Fix 3: Gradually expand your agile team(s)
Take on larger and perhaps multiple products to include more people in your agile team. If your span of control gets too large, simply split into multiple teams and implement a lightweight agile scaling framework. This approach will give all team members a chance to practice agile, and you will become a positive example for the rest of the organization. Eventually, and only once the majority of your team has converted, build accountability into the structure. This will help people follow the process, particularly those who may be resistant to change.
Wagile symptom 2: Our process is stuck
Every methodology that’s not nurtured and re-aligned every once in a while will suffer from entropy. The same is true for your agile practices. Here’s how you can tell if your agile process is stuck.
Your standups turned into progress meetings
You and your team fail to improve on identified issues
Retrospectives focus only on the product and not the team
These signs usually indicate that your team considers the agile transformation “done”—that all techniques and frameworks are implemented and it’s time to go to work. This is arguably the fastest way to put your agile transformation to sleep, as embracing continuous improvement will be vital to your success over-time.
This is also a signal that you’re slipping back to waterfall. This is normal and should be expected. People are creatures of habit. Before the complete buy-in and/or when stress levels rise, people revert to what they know, even when they know the old way wasn’t the best way. The waterfall-agile hybrid is a trap.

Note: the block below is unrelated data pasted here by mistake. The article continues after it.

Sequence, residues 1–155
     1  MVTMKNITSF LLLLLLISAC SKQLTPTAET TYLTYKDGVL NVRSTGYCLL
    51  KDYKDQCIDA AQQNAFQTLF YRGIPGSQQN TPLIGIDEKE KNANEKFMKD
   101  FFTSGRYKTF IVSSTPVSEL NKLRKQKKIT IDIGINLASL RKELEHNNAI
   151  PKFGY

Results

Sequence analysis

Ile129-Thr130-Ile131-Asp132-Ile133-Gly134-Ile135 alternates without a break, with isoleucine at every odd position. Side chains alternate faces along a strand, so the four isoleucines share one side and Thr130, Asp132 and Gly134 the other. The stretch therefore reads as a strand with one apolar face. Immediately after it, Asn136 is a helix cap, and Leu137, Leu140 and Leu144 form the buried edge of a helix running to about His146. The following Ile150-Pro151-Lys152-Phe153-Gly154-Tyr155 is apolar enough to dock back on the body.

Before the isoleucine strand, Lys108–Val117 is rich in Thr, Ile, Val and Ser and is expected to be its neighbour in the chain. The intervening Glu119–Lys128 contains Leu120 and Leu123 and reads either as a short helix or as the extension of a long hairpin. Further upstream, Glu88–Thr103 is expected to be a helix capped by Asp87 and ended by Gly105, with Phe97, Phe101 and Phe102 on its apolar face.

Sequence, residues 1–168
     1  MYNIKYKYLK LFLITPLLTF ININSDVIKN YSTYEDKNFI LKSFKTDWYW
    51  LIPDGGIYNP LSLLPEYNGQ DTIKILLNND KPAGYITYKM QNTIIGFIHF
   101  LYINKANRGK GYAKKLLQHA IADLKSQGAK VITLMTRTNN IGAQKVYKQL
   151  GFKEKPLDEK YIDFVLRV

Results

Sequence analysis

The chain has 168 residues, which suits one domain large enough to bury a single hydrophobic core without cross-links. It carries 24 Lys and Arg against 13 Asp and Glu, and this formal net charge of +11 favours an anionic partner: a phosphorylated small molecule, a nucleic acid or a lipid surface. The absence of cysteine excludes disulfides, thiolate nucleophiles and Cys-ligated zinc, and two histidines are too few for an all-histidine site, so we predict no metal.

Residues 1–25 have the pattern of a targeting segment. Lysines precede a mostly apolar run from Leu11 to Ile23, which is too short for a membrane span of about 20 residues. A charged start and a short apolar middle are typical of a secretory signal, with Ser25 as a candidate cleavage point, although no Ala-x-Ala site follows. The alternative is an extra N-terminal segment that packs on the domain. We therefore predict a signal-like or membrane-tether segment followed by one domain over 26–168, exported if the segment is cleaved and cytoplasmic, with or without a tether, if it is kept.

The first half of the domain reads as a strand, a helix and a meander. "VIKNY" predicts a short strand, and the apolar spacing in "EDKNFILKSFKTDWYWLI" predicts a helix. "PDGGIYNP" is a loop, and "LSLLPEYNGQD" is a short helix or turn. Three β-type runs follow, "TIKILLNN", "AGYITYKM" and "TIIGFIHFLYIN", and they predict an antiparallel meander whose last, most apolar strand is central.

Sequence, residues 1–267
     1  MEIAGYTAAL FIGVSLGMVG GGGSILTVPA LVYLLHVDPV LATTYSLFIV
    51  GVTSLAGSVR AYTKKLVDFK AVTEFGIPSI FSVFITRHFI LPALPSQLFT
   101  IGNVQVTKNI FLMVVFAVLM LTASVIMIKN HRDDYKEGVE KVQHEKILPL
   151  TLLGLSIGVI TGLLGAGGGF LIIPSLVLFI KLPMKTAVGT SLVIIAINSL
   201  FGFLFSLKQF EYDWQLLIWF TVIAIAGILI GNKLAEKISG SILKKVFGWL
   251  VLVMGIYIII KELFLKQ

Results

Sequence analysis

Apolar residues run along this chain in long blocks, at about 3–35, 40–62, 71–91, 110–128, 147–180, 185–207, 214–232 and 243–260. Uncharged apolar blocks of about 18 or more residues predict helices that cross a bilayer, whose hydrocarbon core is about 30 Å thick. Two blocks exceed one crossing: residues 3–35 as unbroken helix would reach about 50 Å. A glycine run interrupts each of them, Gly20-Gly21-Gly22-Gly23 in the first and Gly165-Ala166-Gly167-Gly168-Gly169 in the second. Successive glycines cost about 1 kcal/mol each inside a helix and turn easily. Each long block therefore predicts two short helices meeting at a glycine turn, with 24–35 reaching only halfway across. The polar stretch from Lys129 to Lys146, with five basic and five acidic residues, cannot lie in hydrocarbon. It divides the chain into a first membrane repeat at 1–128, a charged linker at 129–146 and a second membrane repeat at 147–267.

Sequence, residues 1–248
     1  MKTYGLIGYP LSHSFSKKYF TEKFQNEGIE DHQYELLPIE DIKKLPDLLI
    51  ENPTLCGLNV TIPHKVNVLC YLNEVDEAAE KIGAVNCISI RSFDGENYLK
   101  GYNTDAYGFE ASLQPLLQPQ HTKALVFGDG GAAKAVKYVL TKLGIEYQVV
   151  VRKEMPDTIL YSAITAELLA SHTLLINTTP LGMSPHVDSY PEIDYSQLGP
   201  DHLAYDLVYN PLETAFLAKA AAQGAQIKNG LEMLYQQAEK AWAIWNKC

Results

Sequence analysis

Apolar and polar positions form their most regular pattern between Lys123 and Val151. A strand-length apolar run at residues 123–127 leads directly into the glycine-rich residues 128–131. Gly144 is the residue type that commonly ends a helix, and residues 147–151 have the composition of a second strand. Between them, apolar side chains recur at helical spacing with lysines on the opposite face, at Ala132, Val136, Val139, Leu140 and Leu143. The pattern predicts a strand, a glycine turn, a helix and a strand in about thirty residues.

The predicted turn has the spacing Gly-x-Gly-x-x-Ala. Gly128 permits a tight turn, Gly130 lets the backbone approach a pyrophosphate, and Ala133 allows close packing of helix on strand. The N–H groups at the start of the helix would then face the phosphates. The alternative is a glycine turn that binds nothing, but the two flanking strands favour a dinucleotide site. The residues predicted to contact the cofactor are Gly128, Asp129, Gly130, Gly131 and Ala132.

Fix 1: Determine what level of agile you actually need
Various factors, such as whether your product is physical or digital, the stage your company finds itself in and the characteristics of your team, determine the level of agile that is actually feasible. There are great frameworks that help you tailor your agile. For example, not all teams are comfortable being included in the evaluation process of their peers. Find your appropriate level and don’t try to exceed it.
Fix 2: Make people, processes and product part of your retrospective
Even when an effective process like scrum is implemented, it needs to evolve and adapt over-time to stay effective for the team(s). Teams often fall into the trap of only evaluating their product during retrospectives, forgetting the process and personnel concerns. Make sure you include all three Ps (people, process, product) in your retrospectives. Create improvement actions that can be executed in the next iteration and, in the following retrospective, remember to verify that those actions were taken.
Fix 3: Create actionable metrics to assess changes
Next to coming up with changes to the process, you’ll also find it important to see if they have the desired effect. Do these changes actually improve the wellbeing of the team? When setting action items to improve your agile processes, you can make the results tangible by tracking the right metrics.
Wagile symptom 3: Management isn’t on board
With customers, legislators, supply-chain partners and other stakeholders demanding attention, there’s a possibility that agile is not the top priority for management. Performing as an agile team in an environment where agile is not actively supported by management can be difficult.
Budget for structural improvements and/or training is minimal or doesn’t exist
Decision-making power remains at the top instead of within the teams
The iron triangle (good, fast and cheap) are still the only metrics used